Oxygen is the fuel which allows good bacteria to cannibalize the bad. When the chemistry and biology are working, gravity filters wastewater back to rejoin the water cycle.
Although the ‘ick’ factor repels us, human digestion by-products are one of the oldest forms of fertilizer.
Our waste contains all those ingredients found in commercial fertilizers - phosphorus, nitrates and nitrogen.
When the filter medium is working properly, those bacteria processes form what’s known as a ‘biomat’, a film of hard working dead and dying bacteria which regulate how fast liquid flows through to the soils below and maintains a balance to keep too many of those fertilizing nutrients out of the water cycle.
At least in a perfect world that’s how it’s supposed to work.
However perfectly a system is designed and installed, if YOU,the property owner, don’t pay proper attention to what goes down the drain, or don’t have regular maintenance done,
it’s like pouring money down the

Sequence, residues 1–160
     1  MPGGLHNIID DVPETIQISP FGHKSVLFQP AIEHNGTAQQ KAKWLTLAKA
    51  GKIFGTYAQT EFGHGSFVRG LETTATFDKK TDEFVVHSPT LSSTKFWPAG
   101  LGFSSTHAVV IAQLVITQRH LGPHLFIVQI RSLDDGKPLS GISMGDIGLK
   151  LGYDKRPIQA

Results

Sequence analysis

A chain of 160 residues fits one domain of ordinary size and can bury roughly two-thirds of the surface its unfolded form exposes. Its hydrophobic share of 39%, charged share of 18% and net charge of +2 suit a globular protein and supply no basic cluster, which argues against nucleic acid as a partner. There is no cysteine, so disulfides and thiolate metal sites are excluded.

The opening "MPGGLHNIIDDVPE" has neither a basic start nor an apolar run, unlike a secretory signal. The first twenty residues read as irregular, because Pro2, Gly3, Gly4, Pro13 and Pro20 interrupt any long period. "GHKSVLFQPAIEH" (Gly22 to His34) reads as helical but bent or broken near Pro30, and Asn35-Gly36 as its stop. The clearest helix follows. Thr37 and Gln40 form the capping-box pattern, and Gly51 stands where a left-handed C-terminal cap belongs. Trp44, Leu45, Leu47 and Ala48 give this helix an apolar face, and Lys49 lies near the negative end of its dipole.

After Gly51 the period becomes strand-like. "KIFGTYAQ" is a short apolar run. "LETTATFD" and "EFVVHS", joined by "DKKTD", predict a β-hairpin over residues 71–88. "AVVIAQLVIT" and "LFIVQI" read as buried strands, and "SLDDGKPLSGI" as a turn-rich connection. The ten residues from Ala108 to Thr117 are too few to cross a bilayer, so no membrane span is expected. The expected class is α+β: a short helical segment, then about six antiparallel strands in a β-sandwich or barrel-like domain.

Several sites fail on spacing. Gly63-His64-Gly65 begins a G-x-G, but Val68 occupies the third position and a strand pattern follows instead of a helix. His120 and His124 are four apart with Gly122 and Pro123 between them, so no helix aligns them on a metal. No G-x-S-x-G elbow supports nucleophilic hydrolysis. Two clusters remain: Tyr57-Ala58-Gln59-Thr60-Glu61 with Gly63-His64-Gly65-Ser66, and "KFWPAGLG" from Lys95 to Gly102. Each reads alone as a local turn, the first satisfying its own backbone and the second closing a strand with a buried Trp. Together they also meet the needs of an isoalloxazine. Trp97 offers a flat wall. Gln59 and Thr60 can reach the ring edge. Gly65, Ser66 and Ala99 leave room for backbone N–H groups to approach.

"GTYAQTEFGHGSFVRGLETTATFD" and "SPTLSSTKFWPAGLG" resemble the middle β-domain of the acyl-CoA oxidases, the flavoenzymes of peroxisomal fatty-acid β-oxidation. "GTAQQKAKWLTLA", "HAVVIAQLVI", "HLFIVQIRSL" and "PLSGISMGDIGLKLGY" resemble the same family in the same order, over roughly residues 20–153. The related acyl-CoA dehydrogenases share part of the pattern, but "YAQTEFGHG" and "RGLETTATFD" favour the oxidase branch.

Also see Water To Waste Section Six and Seven: The many amazing things that end up in the waste stream and why we should be careful and concerned.
For good basic operation and maintenance information see: http://septic.umn.edu/homeowner/index.html
Water To Waste Section Two: Water / Energy Efficiency information and EPA WaterSense Program
Water To Waste Section Three: The inter-relationship between water use, wastewater, the water cycle and wastewater systems.
Water To Waste Section Five: Installation, siting, operation and maintenance.
Water To Waste Section Six and Seven: The many amazing things that end up in the waste stream and why we should be careful and concerned.
Water To Waste Section Eight and Nine: The state of our region - an attempt to survey wastewater systems.
Water To Waste Section Ten: The Case For Community Management
Water To Waste Section Eleven: Small community options, choices and solutions
Water To Waste Section Twelve: Understanding northwest Michigan geography and geology and how this relates to wastewater.
Water To Waste Section Thirteen: Information about different types of wastewater systems and case studies.
Water To Waste Section Fourteen: A terrible waste to waste - when there's money to be made and saved by innovation.
Water To Waste Section Fifteen: A word about who we are and our goals for the future - how you can help.
Water To Waste Section Sixteen: Gratitude to our sponsors and links to more information.